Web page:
President Obama and Democrats are trying to back the GOP into a corner over tax hikes just as they did on the payroll tax fight a year ago.The thing is, if Republicans are worried about getting backed into a corner, they are worried about getting backed into a corner of their own making. They are the ones who decided to pass tax cuts with expiration dates. They did it back in 2001 and 2003, and they thought they were backing Democrats into a corner—because they thought Democrats would always be afraid of letting the tax cuts expire and getting blamed for higher tax rates. And in 2009 and 2010, the GOP's calculation was right (though it's worth remembering that the president actually won a fair bit of stimulus in return for extending all tax cuts).
The president and his party are arguing that Republicans should agree to extend the George W. Bush-era tax rates immediately on families earning up to $250,000 a year, and not dig in their heels to prevent rates from rising for higher-income earners. [...]
The GOP is worried, fearing Obama could jam them into a last-minute agreement as the nation approaches what Federal Reserve Chairman Ben Bernanke has dubbed a “fiscal cliff.” If Congress does nothing, all taxpayers will see higher bills next year.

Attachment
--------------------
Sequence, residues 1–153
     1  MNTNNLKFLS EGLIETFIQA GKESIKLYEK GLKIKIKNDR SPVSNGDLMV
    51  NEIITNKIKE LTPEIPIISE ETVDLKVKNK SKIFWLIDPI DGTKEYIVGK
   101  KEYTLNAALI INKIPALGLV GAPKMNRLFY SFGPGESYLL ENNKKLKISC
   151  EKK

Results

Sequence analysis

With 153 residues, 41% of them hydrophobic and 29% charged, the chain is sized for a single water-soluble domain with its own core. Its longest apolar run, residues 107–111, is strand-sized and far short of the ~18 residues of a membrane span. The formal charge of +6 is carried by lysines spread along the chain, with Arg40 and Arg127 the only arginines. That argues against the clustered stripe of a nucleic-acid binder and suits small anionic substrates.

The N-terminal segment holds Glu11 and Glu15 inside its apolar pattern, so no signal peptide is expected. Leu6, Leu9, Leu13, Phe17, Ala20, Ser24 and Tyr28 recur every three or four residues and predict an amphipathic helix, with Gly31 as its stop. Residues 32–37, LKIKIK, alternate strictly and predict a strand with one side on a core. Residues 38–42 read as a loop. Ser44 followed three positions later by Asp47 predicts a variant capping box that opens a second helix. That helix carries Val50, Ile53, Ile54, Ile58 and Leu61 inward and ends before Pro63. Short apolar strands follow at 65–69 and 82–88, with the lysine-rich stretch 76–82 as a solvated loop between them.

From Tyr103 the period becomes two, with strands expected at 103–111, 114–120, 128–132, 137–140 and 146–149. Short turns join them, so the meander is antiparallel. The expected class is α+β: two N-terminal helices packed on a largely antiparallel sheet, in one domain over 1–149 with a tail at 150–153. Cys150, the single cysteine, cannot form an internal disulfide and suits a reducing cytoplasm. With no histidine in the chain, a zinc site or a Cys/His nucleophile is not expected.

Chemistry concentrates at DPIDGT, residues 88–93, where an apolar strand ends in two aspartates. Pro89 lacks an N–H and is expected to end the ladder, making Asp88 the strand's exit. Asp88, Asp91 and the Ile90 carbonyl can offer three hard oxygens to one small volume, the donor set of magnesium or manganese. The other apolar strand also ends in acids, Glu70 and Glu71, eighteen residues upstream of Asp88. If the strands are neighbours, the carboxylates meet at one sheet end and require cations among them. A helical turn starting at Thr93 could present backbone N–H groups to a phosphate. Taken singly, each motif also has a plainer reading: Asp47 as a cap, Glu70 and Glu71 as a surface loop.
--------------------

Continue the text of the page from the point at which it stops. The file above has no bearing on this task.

But 2012 is not 2010—Republicans who once believed they could extend the Bush tax cuts for the wealthy forever simply by holding middle-class tax cuts hostage are afraid that their bluff is about to be called. And they have reason to be afraid. The economy is stronger today than it was two years ago and President Obama just won an election in which ending the Bush tax cuts for top income earners was a major issue. He's repeatedly vowed to not extend tax cuts on income more than $250,000 and this time congressional Democrats are supporting him.
Senate Democrats have passed legislation extending tax cuts on all income below $250,000 and the president says he'd sign it right away if House Republicans are willing to pass the bill. And when it comes down to it, House Republicans will be willing to pass it—because they know they will be the ones who get blamed if the tax cuts expire. They'll drag out the process as long as they can, hoping to change the political dynamic or win concessions on the spending side, but they really have no leverage. The Bush tax cuts for the wealthy expire at the end of the year and Republicans won't be willing to raise taxes on everyone else as punishment for that. So they are backed into a corner—but it's a corner of their own making.